GHSA-hc33-32vw-rpp9

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Source
https://github.com/advisories/GHSA-hc33-32vw-rpp9
Import Source
https://github.com/github/advisory-database/blob/main/advisories/github-reviewed/2021/07/GHSA-hc33-32vw-rpp9/GHSA-hc33-32vw-rpp9.json
JSON Data
https://api.osv.dev/v1/vulns/GHSA-hc33-32vw-rpp9
Aliases
Published
2021-07-01T17:01:16Z
Modified
2023-11-08T04:05:35.474322Z
Severity
  • 9.9 (Critical) CVSS_V3 - CVSS:3.1/AV:N/AC:L/PR:L/UI:N/S:C/C:H/I:H/A:H CVSS Calculator
Summary
Remote Code Execution Vulnerability in Session Storage
Details

Impact

A malicious attacker can achieve Remote Code Execution (RCE) via a maliciously crafted Java deserialization gadget chain leveraged against the Ratpack session store.

If your application does not use Ratpack's session mechanism, it is not vulnerable.

Details

Attackers with the ability to write to session data, can potentially craft payloads that deserialize unsafe objects, leading to the ability to remotely execute arbitrary code. This is known as an “insecure deserialization” vulnerability, or “gadget vulnerability”.

Ratpack allows session data to be stored server side in an external system such as a relational database, or client side via user cookies. When using server side storage, the attacker would need to obtain the ability to write to the session data store. When using client side storage, the attacker would need to obtain the secrets used to encrypt and/or sign the session data stored in user cookies.

Ratpack's session mechanism allows storing serialized objects, of arbitrary types. The type must be specified when writing the data and when reading, with data only deserialized when there is an exact type match. However, in the process of deserializing an object of a known/trusted/deserialization-safe type, it may attempt to deserialize unsafe types.

By default Ratpack uses Java's built-in serialization mechanism, though other serialization providers can be used. The exact types of payloads required to enable an exploit depend on the exact serialization mechanism used.

To mitigate this vulnerability, Ratpack now employs a “strict allow-list” when deserializing (and serializing) objects to session data. All concrete types of objects serialized must be explicitly declared as safe. Some standard well known JDK types are registered by default.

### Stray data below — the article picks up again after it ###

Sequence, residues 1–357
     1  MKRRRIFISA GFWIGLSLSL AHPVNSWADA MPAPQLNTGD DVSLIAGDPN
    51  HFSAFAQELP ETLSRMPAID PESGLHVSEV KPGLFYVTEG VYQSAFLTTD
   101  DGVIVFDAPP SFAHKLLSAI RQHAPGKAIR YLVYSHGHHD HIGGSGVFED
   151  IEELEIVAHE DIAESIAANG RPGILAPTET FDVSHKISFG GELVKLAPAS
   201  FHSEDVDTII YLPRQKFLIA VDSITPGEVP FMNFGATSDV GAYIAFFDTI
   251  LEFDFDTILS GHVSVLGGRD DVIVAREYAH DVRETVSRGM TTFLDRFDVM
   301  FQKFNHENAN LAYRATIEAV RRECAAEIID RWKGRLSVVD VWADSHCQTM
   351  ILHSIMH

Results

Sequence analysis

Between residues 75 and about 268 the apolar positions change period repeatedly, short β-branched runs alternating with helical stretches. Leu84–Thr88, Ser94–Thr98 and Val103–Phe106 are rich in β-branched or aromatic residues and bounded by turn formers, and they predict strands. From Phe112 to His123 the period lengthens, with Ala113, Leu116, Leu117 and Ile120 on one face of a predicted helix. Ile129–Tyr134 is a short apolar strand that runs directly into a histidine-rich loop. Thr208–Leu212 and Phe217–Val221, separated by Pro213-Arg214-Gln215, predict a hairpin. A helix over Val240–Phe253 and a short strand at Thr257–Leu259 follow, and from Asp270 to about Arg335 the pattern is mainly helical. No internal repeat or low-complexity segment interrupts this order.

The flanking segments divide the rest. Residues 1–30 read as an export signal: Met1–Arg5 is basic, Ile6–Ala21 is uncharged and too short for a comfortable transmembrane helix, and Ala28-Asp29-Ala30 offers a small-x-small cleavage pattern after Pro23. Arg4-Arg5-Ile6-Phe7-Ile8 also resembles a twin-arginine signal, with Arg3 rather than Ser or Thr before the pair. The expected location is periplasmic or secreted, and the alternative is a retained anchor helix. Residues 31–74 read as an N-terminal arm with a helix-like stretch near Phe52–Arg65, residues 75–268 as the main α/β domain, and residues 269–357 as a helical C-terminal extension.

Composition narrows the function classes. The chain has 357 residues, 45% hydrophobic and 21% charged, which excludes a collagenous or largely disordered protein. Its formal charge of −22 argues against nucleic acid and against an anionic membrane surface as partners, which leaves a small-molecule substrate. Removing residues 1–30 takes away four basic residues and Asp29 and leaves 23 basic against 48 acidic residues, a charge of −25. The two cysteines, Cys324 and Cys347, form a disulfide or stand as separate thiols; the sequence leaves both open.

Serialization is provided by implementations of SessionSerializer. Its existing methods have been deprecated, and replaced with a new methods that accept a SessionTypeFilter that can be used to assert whether a type is allowed when serializing and deserializing.

The default serializer implementation has been updated to use this mechanism. Any proprietary implementations should also be updated to consult the type filter before serializing or deserializing data. Warnings will be logged any time an implementation that does not implement the new methods is used.

Upon upgrading to Ratpack 1.9, users of the built-in serialization mechanism will need to change their application to declare all types currently being serialized as being safe. This can be done using the new SessionModule.allowTypes() method. Please see its documentation for details...))

Patches

Ratpack 1.9.0 introduces a strict allow-list mechanism that mitigates this vulnerability when used.

Workarounds

The simplest mitigation for users of earlier versions is to reduce the likelihood of attackers being able to write to the session data store.

Alternatively or additionally, the allow-list mechanism could be manually back ported by providing an alternative implementation of SessionSerializer that uses an allow-list.

References

  • https://foxglovesecurity.com/2015/11/06/what-do-weblogic-websphere-jboss-jenkins-opennms-and-your-application-have-in-common-this-vulnerability/
  • https://owasp.org/www-community/vulnerabilities/Deserializationofuntrusted_data
References

Affected packages

Maven / io.ratpack:ratpack-core

Package

Name
io.ratpack:ratpack-core
View open source insights on deps.dev
Purl
pkg:maven/io.ratpack/ratpack-core

Affected ranges

Type
ECOSYSTEM
Events
Introduced
0Unknown introduced version / All previous versions are affected
Fixed
1.9.0

Affected versions

0.*

0.9.0
0.9.1
0.9.2
0.9.3
0.9.4
0.9.5
0.9.6
0.9.7
0.9.8
0.9.9
0.9.10
0.9.11
0.9.12
0.9.13
0.9.14
0.9.15
0.9.16
0.9.17
0.9.18
0.9.19

1.*

1.0.0-rc-1
1.0.0-rc-2
1.0.0-rc-3
1.0.0
1.1.0
1.1.1
1.2.0-RC-1
1.2.0-rc-2
1.2.0
1.3.0-rc-1
1.3.0-rc-2
1.3.0
1.3.1
1.3.2
1.3.3
1.4.0-rc-1
1.4.0-rc-2
1.4.0-rc-3
1.4.0
1.4.1
1.4.2
1.4.3
1.4.4
1.4.5
1.4.6
1.5.0
1.5.1
1.5.2
1.5.3
1.5.4
1.6.0-rc-1
1.6.0-rc-2
1.6.0-rc-3
1.6.0-rc-4
1.6.0
1.6.1
1.7.0
1.7.1
1.7.2
1.7.3
1.7.4
1.7.5
1.7.6
1.8.0
1.8.1
1.8.2
1.9.0-rc-1
1.9.0-rc-2